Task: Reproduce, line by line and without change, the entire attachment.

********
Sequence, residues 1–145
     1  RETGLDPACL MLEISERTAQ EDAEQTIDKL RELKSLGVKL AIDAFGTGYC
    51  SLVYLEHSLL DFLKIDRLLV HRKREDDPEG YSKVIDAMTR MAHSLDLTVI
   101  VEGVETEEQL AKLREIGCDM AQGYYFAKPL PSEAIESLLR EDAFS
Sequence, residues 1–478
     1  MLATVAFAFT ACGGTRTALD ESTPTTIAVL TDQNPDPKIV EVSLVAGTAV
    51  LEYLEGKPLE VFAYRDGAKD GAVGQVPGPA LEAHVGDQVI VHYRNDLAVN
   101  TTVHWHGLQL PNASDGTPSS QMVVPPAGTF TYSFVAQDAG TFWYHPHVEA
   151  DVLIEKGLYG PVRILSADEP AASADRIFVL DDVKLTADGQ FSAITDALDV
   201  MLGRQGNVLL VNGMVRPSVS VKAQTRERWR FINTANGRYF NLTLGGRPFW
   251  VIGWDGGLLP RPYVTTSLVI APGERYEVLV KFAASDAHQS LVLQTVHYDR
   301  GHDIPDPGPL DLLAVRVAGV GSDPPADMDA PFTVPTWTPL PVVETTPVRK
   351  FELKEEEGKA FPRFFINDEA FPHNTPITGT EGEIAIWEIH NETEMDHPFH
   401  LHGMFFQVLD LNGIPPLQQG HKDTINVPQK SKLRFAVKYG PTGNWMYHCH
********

Sequence, residues 1–145
     1  RETGLDPACL MLEISERTAQ EDAEQTIDKL RELKSLGVKL AIDAFGTGYC
    51  SLVYLEHSLL DFLKIDRLLV HRKREDDPEG YSKVIDAMTR MAHSLDLTVI
   101  VEGVETEEQL AKLREIGCDM AQGYYFAKPL PSEAIESLLR EDAFS
Sequence, residues 1–478
     1  MLATVAFAFT ACGGTRTALD ESTPTTIAVL TDQNPDPKIV EVSLVAGTAV
    51  LEYLEGKPLE VFAYRDGAKD GAVGQVPGPA LEAHVGDQVI VHYRNDLAVN
   101  TTVHWHGLQL PNASDGTPSS QMVVPPAGTF TYSFVAQDAG TFWYHPHVEA
   151  DVLIEKGLYG PVRILSADEP AASADRIFVL DDVKLTADGQ FSAITDALDV
   201  MLGRQGNVLL VNGMVRPSVS VKAQTRERWR FINTANGRYF NLTLGGRPFW
   251  VIGWDGGLLP RPYVTTSLVI APGERYEVLV KFAASDAHQS LVLQTVHYDR
   301  GHDIPDPGPL DLLAVRVAGV GSDPPADMDA PFTVPTWTPL PVVETTPVRK
   351  FELKEEEGKA FPRFFINDEA FPHNTPITGT EGEIAIWEIH NETEMDHPFH
   401  LHGMFFQVLD LNGIPPLQQG HKDTINVPQK SKLRFAVKYG PTGNWMYHCH